By Connie Mears
When the Japanese military attacked Pearl Harbor in 1941, fear and panic gripped the nation. The attack set off a chain of events that affected every American, and in particular those of Japanese ancestry. The stories about the hours and years that followed have taken decades to be shared with the broader community.
Many families feared a backlash from talking about what had happened. For Bainbridge Island Japanese American Community (BIJAC) board member Clarence Moriwaki, the past was buried deep below the rubble of pain and fear that emerged from those times.
“My father never talked about it until I was in middle school,” he said.
To honor those stories, Moriwaki, BIJAC and our island community came together to create the Bainbridge Island Japanese American Exclusion Memorial Wall.
Along with the names of the 227 islanders forced from their homes, five terra-cotta friezes follow the threads of stories shared by many islanders who found themselves in a cultural crossfire they had no part in creating. One panel depicts a JapaneseAmerican farmer, rooted in the work of raising produce for neighbors and the growing Seattle market. One features a young boy in a baseball uniform, his slanted eyes drawing a storm of fear and hatred from schoolmates he had just days before called friends.
“It’s not just the story of the hundreds of folks who were of Japanese descent,” Moriwaki said. “This is the story of millions of people; it’s part of the American story.”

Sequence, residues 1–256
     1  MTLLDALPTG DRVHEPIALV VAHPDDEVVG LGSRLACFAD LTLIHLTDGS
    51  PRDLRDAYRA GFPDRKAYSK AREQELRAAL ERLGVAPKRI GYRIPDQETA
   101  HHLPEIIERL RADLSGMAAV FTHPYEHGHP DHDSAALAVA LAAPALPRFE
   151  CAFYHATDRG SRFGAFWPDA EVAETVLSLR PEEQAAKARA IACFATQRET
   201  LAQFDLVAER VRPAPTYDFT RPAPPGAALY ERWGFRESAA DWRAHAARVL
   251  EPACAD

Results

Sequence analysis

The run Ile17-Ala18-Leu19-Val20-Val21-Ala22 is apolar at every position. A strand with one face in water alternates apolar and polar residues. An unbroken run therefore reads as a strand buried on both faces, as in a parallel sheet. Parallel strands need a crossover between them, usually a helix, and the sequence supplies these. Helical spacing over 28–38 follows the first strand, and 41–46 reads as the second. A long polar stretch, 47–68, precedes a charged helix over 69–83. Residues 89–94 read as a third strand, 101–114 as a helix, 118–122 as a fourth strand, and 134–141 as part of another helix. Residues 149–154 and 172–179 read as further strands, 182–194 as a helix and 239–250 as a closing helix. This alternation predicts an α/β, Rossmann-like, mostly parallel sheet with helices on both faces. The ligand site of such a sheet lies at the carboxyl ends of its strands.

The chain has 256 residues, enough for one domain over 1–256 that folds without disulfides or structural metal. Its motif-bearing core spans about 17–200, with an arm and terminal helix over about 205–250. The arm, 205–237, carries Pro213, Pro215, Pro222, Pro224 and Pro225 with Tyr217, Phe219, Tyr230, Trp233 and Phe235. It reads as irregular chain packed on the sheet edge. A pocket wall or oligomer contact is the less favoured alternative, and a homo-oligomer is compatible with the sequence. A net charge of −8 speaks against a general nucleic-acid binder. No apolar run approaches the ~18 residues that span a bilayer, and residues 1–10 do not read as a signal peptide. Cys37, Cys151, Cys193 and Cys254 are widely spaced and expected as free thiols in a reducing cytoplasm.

The memorial received federal recognition as a National Historic Site in 2008.
Students come by the busload, many surprised to hear what happened to children their own age and younger.
“People come from all over the country,” Moriwaki said. “I refill the brochure rack every three or four days.”
His own family’s story emerged in pieces, over decades. His father was a linguist with the Military Intelligence Service (MIS), stationed in Japan as a translator after the war. Moriwaki said the time was bittersweet for his father. It was in Japan that his dad met and married the young Japanese woman who would become Moriwaki’s mother. But it was also where he learned that he’d lost much of his family in the Hiroshima bombing.
Island resident Karen Matsumoto’s father, Roy Matsumoto, was also an MIS linguist, and has been credited with saving hundreds of American lives. She and island filmmaker Stourwater Pictures are working together on a documentary about the subject. “Honor and Sacrifice” focuses on the Nisei (children of Japanese immigrants) who were interned during World War II, and those who enlisted in the U.S. military, many volunteering to become linguists.
In Burma, Roy crawled undetected through the jungle in the middle of the night to an encampment where the Japanese were plotting a surprise attack. Crawling back to his unit, he warned of the imminent attack; U.S. forces were waiting for the Japanese the next morning.
Roy, now 99, kept his stories secret for more than 50 years. It wasn’t until he was inducted into the Ranger Hall of Fame for his valor that Karen started asking questions. In October, Roy was invited to be the keynote speaker at the American Veteran’s Center Conference.
After learning so much about her father’s past, Karen, a BIJAC board member, initiated an oral history project through IslandWood. Many of the interviewees have since passed away, but their stories remain.
Though many of these stories are decades old, Moriwaki thinks it’s important to be reminded what can happen when fear and hatred take hold.
“I remember on 9/11, news reporters and people I knew were calling it ‘our generation’s Pearl Harbor.’ I remember thinking, ‘I hope not.’”
The Wall isn’t about blame, guilt or shame, Moriwaki said. But he hopes the stories it shares are a powerful reminder: Nidoto Nai Yoni—“Let It Not Happen Again.”